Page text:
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Hic inter densas cotylos miodo námque gemellos, Juft now did she bring forto

swins bere among tbe ibick bazles,


And in the seventh;

" Nam memini Hefiones vifentem

regna sororis

utraque tellus

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Protinus, hinc fuscis , tristis dea « Laomedontiadem Priamum Sala. 6 tollitur alis

“ mina petentem, • Audacis Rutuli ad muros.” “ Protinus Arcadiae gelidos invisere


“ fines.” And

I shall now consider some passages, Mos erat Hesperio in Latio, quein which seem most naturally to be unprotinus urbes

derstood in the sense which Nonius « Albanae coluere facrum.” Marcellus gives to the passage under

consideration. In the third Aeneid Here Servius interprets it jugiter, we find, deinde ; and says it is now an adverb of time. He gives the same fenfe to “ Haec loca vi quondam, et vasta

< convulsa ruina, trajecto missa lacerto “ Tantum aevi longinqua valet “ Protinus hasta fugit,"

mutare vetustas,

“ Diffiluiffe ferunt, cum protinus in the tenth.

“ Una foret.” In the fame book we find “ Protinus Antaeum et Lycam, pri Here Servius interprets protinus, ma agmina Turni

continuo ; and says it is an adverb of Persequitur.” And,

of place. Ruaeus also interprets it

fine intermissione ; Virgil is here “ Haec ubi dicta dedit, caelo fe speaking of the supposed difruption “protinus alto

of Sicily from the continent of Italy, Mifit,” in the sense already given. to which it is said to have been for

merly joined :' cum protinus utraque Lastly in the eleventh

tellus una foret, that is, when both

lands were absolutely one. ** Protinus Orsilochum et Buten, In the fixth,

“ duo maxima Teucrum Corpora: fed Buten adverfo cuf

Quin protinus omnia “pide fixit.”

Perlegerent oculis, In the eighth Aeneid, Servius in- can hardly be understood in any terprets protinus, at one and the fame other sense. Ruacus interprets it, time, or on the way:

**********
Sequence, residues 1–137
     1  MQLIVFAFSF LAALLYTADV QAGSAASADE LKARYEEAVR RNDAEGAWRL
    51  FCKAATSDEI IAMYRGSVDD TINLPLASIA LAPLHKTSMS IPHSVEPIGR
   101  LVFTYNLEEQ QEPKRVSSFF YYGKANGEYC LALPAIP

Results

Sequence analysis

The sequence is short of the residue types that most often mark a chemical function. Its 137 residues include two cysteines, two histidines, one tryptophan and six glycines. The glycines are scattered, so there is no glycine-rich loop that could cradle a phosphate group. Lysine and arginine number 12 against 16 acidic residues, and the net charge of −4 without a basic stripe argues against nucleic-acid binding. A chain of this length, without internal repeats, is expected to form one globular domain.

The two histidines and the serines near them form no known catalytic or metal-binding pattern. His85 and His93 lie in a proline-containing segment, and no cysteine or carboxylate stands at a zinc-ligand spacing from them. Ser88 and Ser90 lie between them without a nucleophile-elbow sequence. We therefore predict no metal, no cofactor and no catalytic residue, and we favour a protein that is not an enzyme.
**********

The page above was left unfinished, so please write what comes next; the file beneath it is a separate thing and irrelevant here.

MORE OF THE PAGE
* At vero Trojani ulterius perA4

6 lustrassent

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que tulisset.?

and left olas! the bope of my Spem gregis, ah! silice in nuda connixa reliquit. 15 Mock upon tbe naked Pore,

aj 96. NOT E S. « lustrassent oculis omnia ;” and great part of the night in play '; and Dr Trapp translates thiş passage, adds, Now all the work « Aequasset noēti ludum, in lucem

Felix, fi protinus illum « Throughout with curious eyes they would have trac’d."

Here Servius says, protenus is put In the following paffage in the for porro tenus or continuo, which is seventh,

peculiar to Virgil. Ruaeus also in« Tartaream intendit: vocem, quá would be better to translate this

terprets it cantinyo. But surely it protinus omne « Contremuit nemus,

passage, happy, had, be but made his play absolutely or entirely equal to

the night, and continued it till protinus may be understood to meán either valde, longe, or ftatim ; Ru


Having thus considered the word aeus interprets it in the latter fense.

in all the places where Virgil has Dr Trapp translates it suddenly. I

made use of it, I can by no means Thould rather interpret it; "the aflent to Servius and his followers, of whole forest trembled greatly, or 6 throughout ;” or emphatically,

who interpret it porro tenus or conall the whole foref trembled.